The House Will Come To Order
How the Texas Speaker Became a Power in State and National Politics
272 Pages, 6.00 x 9.00 in
Sales Date: March 1, 2010
In a state assumed to have a constitutionally weak governor, the Speaker of the Texas House wields enormous power, with the ability to almost single-handedly dictate the legislative agenda. The House Will Come to Order charts the evolution of the Speaker's role from a relatively obscure office to one of the most powerful in the state. This fascinating account, drawn from the Briscoe Center's oral history project on the former Speakers, is the story of transition, modernization, and power struggles.
Weaving a compelling story of scandal, service, and opportunity, Patrick Cox and Michael Phillips describe the divisions within the traditional Democratic Party, the ascendance of Republicans, and how Texas business, agriculture, and media shaped perceptions of officeholders. While the governor and lieutenant governor wielded their power, the authors show how the modern Texas House Speaker built an office of equal power as the state became more complex and diverse. The authors also explore how race, class, and gender affected this transition as they explain the importance of the office in Texas and the impact the state's Speakers have had on national politics.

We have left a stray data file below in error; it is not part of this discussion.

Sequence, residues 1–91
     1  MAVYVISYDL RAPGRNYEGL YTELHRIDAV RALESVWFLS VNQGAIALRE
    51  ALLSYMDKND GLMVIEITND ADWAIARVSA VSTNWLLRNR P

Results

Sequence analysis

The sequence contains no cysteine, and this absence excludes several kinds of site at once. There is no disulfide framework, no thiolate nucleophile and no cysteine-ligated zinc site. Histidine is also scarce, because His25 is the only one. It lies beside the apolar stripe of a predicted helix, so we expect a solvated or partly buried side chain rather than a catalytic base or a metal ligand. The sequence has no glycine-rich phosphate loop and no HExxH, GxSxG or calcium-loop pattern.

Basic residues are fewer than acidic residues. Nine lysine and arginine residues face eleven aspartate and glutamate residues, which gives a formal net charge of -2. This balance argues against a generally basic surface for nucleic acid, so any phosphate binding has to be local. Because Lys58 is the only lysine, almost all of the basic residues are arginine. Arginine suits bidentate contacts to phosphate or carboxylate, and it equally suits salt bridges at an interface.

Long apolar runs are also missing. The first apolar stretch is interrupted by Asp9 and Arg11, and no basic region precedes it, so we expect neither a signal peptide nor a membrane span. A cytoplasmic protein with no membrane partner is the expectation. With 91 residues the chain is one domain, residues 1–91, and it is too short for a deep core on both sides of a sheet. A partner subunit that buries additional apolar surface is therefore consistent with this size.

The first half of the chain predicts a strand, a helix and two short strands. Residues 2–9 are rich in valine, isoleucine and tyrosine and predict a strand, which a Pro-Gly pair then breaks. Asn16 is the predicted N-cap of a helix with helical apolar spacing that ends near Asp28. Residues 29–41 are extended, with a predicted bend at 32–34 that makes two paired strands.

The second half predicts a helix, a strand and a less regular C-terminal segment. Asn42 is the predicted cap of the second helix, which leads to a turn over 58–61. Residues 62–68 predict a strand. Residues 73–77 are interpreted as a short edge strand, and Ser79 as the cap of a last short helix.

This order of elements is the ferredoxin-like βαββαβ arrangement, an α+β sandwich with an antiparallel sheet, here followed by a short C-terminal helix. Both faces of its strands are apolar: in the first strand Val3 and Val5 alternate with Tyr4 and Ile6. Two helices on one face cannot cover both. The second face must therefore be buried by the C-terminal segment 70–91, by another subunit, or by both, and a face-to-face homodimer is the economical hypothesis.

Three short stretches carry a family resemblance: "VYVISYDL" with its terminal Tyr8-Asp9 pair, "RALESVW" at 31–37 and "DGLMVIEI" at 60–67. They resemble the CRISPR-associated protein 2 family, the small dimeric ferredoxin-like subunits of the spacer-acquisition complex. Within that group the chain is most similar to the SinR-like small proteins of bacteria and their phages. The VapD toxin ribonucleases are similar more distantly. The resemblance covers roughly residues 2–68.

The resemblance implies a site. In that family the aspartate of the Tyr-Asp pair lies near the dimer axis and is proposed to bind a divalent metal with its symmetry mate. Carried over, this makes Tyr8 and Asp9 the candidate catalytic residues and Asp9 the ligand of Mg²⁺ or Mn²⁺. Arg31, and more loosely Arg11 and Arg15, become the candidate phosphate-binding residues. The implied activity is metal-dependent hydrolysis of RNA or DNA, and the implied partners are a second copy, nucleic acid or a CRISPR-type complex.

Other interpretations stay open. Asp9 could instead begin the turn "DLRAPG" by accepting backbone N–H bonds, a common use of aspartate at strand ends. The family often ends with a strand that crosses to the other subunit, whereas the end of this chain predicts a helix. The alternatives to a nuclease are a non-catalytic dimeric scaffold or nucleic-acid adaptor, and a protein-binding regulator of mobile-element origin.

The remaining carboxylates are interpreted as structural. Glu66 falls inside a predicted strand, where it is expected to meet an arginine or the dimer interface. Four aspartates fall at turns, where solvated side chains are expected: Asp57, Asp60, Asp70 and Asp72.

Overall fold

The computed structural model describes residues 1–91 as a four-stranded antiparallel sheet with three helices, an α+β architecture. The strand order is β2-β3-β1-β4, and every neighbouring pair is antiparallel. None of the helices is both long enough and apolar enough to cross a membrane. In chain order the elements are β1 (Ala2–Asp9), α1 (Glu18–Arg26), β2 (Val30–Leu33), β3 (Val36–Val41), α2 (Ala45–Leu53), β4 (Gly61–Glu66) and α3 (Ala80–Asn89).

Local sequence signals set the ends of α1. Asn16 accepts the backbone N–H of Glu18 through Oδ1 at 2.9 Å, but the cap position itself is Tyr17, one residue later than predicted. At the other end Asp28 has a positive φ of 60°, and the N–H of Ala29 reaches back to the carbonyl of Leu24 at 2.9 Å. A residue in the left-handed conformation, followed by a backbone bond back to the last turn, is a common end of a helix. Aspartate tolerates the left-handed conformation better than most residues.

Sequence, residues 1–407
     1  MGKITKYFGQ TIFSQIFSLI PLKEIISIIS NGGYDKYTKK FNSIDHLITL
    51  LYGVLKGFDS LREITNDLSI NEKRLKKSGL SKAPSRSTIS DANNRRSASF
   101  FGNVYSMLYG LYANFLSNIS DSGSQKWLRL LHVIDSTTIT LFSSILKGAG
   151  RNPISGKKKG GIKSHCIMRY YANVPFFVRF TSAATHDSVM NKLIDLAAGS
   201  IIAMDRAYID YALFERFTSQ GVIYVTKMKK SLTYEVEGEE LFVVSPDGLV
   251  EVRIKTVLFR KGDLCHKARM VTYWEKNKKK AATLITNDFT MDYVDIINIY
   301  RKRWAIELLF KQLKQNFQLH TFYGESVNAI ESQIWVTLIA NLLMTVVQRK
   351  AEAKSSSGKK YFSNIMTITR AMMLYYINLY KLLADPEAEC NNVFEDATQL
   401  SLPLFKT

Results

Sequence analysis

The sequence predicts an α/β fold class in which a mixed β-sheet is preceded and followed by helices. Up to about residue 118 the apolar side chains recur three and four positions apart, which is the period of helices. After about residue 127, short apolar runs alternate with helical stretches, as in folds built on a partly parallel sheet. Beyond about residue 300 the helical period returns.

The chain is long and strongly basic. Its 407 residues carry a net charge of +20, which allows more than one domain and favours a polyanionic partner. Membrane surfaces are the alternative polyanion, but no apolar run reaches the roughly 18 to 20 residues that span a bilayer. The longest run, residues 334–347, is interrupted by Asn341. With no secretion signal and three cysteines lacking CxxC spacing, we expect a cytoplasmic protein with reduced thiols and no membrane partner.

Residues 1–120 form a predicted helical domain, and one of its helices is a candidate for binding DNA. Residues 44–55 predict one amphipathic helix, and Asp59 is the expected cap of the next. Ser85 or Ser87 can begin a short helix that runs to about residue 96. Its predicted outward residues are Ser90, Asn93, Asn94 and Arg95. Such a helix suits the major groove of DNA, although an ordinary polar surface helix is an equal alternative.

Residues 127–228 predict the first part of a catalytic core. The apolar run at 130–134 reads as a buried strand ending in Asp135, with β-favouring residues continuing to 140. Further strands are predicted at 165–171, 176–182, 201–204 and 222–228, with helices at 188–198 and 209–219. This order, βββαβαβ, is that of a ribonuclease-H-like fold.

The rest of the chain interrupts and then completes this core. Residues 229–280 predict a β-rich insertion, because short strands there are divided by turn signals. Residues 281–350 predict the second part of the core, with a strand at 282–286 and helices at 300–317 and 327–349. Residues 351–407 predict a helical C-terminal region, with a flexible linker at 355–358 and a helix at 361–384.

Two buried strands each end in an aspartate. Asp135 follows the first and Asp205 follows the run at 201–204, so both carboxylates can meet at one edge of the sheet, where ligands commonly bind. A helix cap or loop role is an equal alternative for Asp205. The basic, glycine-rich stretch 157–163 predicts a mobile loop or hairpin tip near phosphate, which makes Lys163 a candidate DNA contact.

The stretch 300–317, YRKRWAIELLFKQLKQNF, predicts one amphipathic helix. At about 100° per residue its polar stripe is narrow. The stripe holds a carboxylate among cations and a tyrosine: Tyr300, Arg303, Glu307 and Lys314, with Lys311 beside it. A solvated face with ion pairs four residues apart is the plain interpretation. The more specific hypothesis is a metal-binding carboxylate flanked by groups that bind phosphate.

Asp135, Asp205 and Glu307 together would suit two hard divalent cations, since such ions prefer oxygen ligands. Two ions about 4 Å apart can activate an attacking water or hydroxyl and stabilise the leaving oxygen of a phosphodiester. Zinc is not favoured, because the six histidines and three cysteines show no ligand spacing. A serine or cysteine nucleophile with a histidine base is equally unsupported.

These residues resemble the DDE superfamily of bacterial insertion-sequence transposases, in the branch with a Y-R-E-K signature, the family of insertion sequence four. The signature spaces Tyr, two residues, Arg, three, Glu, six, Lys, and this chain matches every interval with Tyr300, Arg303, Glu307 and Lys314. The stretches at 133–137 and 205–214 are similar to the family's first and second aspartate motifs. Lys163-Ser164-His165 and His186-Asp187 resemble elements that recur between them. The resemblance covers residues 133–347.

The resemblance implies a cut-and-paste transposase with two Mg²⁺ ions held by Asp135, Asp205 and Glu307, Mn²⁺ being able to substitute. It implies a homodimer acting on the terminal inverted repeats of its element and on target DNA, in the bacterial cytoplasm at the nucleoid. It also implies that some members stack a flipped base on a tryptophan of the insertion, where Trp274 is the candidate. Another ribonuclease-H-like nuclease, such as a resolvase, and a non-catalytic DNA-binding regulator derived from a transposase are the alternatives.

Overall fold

At the apex of its power, the Texas House Speaker's role at last receives the critical consideration it deserves.
- Foreword by Don Carleton
- Introduction: Assuming Center Stage
- Chapter One. Least Among Equals: The Presiding Speakership, 1846-1900
- Chapter Two. Accumulating Clout: The Progressive Speakership, 1900-1921
- Chapter Three. "Calculatin' Coke": The End of Progressivism and Birth of the Early Modern Speakership, 1921-1949
- Chapter Four. Pragmatic Conservatism: The Dynastic Speakership, Part One, 1949-1961
- Chapter Five. Liberals, Conservatives, and the Dilemma of Race: The Dynastic Speakership, Part Two, 1961-1969
- Chapter Six. The Old Order Is Dead, Long Live the Old Order: Sharpstown, the Price Daniel Revolution, and the Speakership in Crisis, 1969-1975
- Chapter Seven. The Executive Speakership, Part One, 1975-1983
- Chapter Eight. The Executive Speakership, Part Two, 1983-2002
- Chapter Nine. "Hell on Horses and Women": Gender and Family Life under the Dome
- Chapter Ten. The End of an Era? The Executive Speakership under Tom Craddick, 2003-2009